Africa, Middle East to spend $3bn on AI

Africa Middle East to spend 3bn on AI
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The Middle East and African region will spend $3bn in 2023 to boost Artificial Intelligence capacity.

This will only account for two per cent of the global $151.4bn that would be spent on AI in 2023 according to the latest Worldwide Artificial Intelligence Spending Guide from International Data Corporation.

Despite this, the region was expected to record the fastest growth rate over the coming years, with the IDC forecasting that AI spending would increase at a compound annual growth rate of 29.7 per cent over the 2022 to 2026 period to reach $6.4bn in 2026.

The Senior Program Manager for software, cloud, and IT services at IDC MEA, Manish Ranjan, said, “The rapid adoption of cloud and digital transformation in MEA will result in AI being incorporated into many different products and solutions.

“Organisations across the region are investing in AI technologies and related software and services to drive greater efficiency through automation and contribute to a more agile operating environment.

“The effects of the pandemic have fueled further spending in relation to AI/ML adoption, particularly within the banking and finance, manufacturing, trade, healthcare, and government verticals.”

Banking, retail, and federal/central government would be the region’s biggest spenders on AI in 2023, followed by discrete manufacturing. These four industries would account for about half (44 per cent) of the region’s total AI spending in 2023.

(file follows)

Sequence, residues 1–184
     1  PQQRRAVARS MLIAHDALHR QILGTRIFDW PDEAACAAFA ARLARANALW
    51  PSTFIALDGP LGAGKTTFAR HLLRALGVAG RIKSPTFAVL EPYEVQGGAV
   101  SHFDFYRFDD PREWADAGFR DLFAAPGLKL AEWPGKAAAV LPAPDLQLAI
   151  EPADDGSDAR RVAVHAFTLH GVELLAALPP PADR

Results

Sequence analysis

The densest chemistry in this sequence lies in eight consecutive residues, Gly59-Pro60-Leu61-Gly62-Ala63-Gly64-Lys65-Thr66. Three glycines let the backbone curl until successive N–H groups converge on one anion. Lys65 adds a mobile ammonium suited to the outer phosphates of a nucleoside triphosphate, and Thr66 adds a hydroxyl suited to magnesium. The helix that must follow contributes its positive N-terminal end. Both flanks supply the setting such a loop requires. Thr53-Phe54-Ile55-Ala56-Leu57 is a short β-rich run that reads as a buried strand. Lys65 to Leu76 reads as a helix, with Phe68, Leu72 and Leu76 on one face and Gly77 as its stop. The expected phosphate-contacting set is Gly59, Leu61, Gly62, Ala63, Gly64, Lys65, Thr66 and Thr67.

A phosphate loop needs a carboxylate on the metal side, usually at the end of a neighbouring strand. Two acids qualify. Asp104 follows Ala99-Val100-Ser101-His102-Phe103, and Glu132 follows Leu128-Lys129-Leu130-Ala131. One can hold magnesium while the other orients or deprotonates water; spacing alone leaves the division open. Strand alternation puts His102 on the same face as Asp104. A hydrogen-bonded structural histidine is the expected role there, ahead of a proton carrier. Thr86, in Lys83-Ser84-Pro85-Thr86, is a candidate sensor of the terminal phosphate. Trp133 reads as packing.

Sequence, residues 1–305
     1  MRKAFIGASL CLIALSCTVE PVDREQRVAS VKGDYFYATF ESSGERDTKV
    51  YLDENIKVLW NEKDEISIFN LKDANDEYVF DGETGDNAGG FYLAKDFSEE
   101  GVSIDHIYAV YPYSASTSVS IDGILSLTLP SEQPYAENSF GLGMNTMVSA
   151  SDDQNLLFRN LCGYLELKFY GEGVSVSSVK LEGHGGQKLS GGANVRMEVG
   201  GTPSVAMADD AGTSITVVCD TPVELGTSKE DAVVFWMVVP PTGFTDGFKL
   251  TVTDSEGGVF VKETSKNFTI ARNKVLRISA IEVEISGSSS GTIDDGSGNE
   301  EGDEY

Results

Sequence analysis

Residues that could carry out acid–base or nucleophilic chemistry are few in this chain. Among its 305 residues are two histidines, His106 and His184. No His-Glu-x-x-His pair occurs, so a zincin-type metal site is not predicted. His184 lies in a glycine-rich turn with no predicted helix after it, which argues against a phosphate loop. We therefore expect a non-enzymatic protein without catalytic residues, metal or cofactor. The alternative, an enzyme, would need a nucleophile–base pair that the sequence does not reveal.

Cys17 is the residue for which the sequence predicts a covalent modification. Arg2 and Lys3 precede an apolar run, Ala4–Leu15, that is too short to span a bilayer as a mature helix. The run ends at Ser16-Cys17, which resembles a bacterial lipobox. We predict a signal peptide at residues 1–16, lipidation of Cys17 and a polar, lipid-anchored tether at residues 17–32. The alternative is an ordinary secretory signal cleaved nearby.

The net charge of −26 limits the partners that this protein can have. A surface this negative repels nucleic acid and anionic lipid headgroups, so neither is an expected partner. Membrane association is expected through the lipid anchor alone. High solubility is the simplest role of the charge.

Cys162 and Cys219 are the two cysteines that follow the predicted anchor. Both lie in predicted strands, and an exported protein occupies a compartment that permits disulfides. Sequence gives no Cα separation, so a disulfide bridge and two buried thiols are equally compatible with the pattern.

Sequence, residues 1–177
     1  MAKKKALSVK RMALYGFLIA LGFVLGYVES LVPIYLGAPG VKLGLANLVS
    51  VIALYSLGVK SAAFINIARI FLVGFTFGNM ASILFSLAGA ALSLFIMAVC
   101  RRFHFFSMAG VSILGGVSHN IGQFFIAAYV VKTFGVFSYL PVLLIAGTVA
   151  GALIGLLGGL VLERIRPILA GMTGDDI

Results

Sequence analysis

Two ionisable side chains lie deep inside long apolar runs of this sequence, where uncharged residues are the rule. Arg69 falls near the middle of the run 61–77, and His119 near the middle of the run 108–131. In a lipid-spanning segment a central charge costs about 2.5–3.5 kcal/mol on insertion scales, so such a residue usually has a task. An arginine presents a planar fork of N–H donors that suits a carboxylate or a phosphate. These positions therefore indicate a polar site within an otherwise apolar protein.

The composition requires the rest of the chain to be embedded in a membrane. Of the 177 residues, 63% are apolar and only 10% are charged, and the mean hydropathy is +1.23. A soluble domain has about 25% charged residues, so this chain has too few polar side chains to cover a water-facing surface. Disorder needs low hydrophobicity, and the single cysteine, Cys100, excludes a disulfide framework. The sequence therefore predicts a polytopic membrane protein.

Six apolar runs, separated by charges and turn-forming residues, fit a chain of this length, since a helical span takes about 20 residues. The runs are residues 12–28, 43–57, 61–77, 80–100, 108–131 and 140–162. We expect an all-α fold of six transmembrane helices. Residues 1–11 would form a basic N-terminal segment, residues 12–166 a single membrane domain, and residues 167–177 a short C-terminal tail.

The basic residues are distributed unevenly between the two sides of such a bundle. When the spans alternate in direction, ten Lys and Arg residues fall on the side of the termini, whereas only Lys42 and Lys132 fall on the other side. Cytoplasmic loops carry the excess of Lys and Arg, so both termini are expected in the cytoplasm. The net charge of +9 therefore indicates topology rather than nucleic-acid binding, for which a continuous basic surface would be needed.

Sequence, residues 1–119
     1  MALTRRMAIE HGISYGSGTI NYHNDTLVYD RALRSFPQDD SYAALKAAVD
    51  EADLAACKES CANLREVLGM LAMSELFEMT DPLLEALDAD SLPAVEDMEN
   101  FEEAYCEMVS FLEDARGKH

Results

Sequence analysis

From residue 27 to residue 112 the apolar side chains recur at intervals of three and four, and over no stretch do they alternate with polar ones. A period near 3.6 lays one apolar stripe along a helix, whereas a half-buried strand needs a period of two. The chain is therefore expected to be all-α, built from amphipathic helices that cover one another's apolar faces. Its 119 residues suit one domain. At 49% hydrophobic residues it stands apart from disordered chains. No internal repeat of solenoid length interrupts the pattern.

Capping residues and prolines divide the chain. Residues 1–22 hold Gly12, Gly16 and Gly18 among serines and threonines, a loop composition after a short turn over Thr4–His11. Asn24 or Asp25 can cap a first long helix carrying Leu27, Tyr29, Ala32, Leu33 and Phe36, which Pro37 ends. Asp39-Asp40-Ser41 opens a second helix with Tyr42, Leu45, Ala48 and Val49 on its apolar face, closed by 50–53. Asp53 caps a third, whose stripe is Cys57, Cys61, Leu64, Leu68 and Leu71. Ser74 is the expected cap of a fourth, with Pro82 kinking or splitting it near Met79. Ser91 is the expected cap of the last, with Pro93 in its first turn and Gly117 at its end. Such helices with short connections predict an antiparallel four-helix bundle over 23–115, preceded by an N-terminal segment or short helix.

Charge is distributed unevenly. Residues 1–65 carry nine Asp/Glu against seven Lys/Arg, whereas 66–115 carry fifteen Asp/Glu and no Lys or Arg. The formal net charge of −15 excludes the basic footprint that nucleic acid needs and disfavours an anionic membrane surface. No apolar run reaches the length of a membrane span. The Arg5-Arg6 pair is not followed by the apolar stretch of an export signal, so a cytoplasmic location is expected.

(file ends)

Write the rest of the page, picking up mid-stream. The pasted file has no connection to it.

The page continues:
Ranjan, added, “AI growth in the region looks very promising as businesses are increasingly investing in AI- and analytics and business intelligence-based solutions in order to strengthen and expand their customer experiences, build digital capabilities, and drive innovation.

“Augmented customer service agents, fraud analysis and investigation, augmented threat intelligence and prevention systems, and sales process recommendation and augmentation are the key business use cases where organisations are investing more in the market.”

There were still numerous challenges hindering the adoption of AI in the region, with the most critical being the lack of skilled resources such as data scientists, data engineers, and AI modelers, it stated.

It added that the recent strides made in the AI space had led to numerous use cases, with global tech firms like Microsoft and Google incorporating AI into their systems. According to experts, AI allowed for the efficiency of processes and would lead to the extinction of numerous roles.

This recently led global tech stakeholders, including Elon Musk, to write an open letter to AI labs to pause their work.

Part of the letter read, “Powerful AI systems should be developed only once we are confident that their effects will be positive, and their risks will be manageable.”

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